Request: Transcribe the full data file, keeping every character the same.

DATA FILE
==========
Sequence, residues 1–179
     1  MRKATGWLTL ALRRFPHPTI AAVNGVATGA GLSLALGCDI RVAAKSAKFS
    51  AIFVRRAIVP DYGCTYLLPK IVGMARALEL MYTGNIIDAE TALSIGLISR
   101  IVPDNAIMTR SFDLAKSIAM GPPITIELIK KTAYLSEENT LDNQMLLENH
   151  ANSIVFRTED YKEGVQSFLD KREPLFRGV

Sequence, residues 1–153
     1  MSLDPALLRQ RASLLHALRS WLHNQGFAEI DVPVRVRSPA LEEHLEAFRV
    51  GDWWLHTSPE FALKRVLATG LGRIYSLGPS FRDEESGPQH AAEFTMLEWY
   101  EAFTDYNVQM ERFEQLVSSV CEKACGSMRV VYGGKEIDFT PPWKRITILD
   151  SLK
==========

Sequence, residues 1–179
     1  MRKATGWLTL ALRRFPHPTI AAVNGVATGA GLSLALGCDI RVAAKSAKFS
    51  AIFVRRAIVP DYGCTYLLPK IVGMARALEL MYTGNIIDAE TALSIGLISR
   101  IVPDNAIMTR SFDLAKSIAM GPPITIELIK KTAYLSEENT LDNQMLLENH
   151  ANSIVFRTED YKEGVQSFLD KREPLFRGV

Sequence, residues 1–153
     1  MSLDPALLRQ RASLLHALRS WLHNQGFAEI DVPVRVRSPA LEEHLEAFRV
    51  GDWWLHTSPE FALKRVLATG LGRIYSLGPS FRDEESGPQH AAEFTMLEWY
   101  EAFTDYNVQM ERFEQLVSSV CEKACGSMRV VYGGKEIDFT PPWKRITILD
   151  SLK